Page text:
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Official Alleges The U.S. Has Deported Many COVID-19-Positive Migrants To Guatemala

An immigration worker in an orange jacket carries a young Guatemalan deported from the U.S., followed by another deportee, at La Aurora International Airport in Guatemala City on March 12.
Moises Castillo
An immigration worker in an orange jacket carries a young Guatemalan deported from the U.S., followed by another deportee, at La Aurora International Airport in Guatemala City on March 12.

Guatemala's Health Minister Hugo Monroy says migrants deported back to Guatemala from the United States now account for a large number of COVID-19 cases in the country.

Monroy made the statement on Tuesday as deportation flights resumed after a one-week suspension in the wake of the discovery of three cases of returned migrants infected with the virus.

The health minister told a congressional hearing in Guatemala City that at least half of the country's now almost 200 COVID-19 cases could be traced back to migrants returned from the U.S, which he referred to as "the Wuhan of the Americas."

Monroy claimed there was one flight in which "75% of the returned migrants tested positive for the virus."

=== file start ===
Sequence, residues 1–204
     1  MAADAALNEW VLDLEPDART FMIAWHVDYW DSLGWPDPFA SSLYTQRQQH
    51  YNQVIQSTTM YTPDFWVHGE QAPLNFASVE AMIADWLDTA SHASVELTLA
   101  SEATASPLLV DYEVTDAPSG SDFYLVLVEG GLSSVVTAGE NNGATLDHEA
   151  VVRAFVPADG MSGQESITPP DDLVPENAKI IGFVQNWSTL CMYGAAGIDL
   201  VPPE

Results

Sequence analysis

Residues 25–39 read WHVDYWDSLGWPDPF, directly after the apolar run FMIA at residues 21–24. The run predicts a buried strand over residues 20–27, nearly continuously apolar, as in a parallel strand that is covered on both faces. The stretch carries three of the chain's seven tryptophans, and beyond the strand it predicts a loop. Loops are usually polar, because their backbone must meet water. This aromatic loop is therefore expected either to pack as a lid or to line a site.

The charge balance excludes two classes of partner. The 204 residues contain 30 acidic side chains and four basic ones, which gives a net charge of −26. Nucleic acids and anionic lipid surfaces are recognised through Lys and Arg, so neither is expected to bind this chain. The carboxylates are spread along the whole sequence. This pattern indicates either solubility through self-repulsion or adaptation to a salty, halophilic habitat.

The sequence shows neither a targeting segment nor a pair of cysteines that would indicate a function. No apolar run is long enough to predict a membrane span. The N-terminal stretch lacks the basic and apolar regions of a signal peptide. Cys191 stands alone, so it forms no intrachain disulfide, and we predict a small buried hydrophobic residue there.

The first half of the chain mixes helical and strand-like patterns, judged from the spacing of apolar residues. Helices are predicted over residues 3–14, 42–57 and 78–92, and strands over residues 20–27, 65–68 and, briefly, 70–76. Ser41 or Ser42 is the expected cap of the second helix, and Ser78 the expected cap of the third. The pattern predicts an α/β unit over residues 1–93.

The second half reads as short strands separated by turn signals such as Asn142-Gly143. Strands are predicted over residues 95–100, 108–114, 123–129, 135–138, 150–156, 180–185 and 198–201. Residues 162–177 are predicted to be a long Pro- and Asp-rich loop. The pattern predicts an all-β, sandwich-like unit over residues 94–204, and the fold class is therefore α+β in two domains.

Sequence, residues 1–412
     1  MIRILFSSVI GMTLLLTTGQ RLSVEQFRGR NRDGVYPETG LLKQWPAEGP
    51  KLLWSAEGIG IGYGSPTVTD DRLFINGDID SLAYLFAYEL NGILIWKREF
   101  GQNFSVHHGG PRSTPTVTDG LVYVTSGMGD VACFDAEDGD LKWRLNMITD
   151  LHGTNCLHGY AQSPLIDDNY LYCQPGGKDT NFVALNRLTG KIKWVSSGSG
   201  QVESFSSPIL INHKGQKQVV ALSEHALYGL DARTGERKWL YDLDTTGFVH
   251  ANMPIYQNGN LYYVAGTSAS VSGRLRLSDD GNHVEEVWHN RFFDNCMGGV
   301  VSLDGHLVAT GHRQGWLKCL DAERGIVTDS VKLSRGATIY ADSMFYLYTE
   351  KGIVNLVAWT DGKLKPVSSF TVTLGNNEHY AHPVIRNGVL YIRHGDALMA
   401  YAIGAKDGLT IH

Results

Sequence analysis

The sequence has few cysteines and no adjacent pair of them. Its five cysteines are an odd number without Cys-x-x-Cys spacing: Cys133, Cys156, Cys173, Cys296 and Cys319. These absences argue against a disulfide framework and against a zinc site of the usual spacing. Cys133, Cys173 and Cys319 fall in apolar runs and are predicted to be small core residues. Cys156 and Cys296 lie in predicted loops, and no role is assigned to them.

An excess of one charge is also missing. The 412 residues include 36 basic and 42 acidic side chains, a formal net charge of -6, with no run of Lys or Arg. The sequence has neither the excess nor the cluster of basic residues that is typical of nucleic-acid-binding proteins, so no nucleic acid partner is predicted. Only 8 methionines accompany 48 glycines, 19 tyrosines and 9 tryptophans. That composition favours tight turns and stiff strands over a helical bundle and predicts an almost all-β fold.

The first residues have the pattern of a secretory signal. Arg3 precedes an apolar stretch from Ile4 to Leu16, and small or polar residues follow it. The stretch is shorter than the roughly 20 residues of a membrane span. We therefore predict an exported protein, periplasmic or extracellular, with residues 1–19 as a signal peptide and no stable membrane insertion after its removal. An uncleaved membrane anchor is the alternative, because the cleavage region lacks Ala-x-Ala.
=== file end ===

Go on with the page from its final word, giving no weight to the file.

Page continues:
According to the Associated Press, the health minister's remarks contradict statements made earlier by President Alejandro Giammattei, who has previously identified only four confirmed cases of returned migrants testing positive for COVID-19. Giammattei made no mention of the health minister's bombshell statement in his daily report to the nation on Tuesday night.

On Wednesday, Monroy retracted the claim he made Tuesday that more than half of CONVID-19 infections could be traced to deported migrants but repeated that three-quarters of returned migrants on one flight in March had tested positive for the coronavirus.

As the COVID-19 crisis spread to Central America in the last month, the governments of Guatemala and other Central American countries had requested temporary suspension of the deportation flights. On Tuesday, Guatemala's Foreign Minister Pedro Brolo confirmed flights of returned migrants would continue, saying, "We have begun ... negotiations with the Embassy and government of the United States to improve conditions of those being returned from the United States ... to be able to guarantee diminished risk they [will] arrive infected by COVID-19."

Guatemalan news reports indicated the pressure of sanctions was being placed on Central American governments to resume the return flights of deportees.

Meanwhile, church and refugee groups like Refugees International called for migrants to be tested before being deported back to their home countries. The Guatemalan Episcopal Conference, an umbrella organization of religious groups, on Wednesday strongly criticized both the United States and Mexico for continuing to send migrants back during the current public health crisis. Part of the CEG's statement read: "We raise our voice and ask the governments of the U.S. and Mexico in the name of a suffering people to stop the deportations."

A spokesperson for ICE, U.S Immigration and Customs Enforcement said the health and safety of migrants under ICE care "is one of our highest priorities," and "Every ICE detainee must pass a health screening by a flight medical provider or they will be denied boarding."

Copyright 2021 NPR. To see more, visit https://www.npr.org.

Maria Martin

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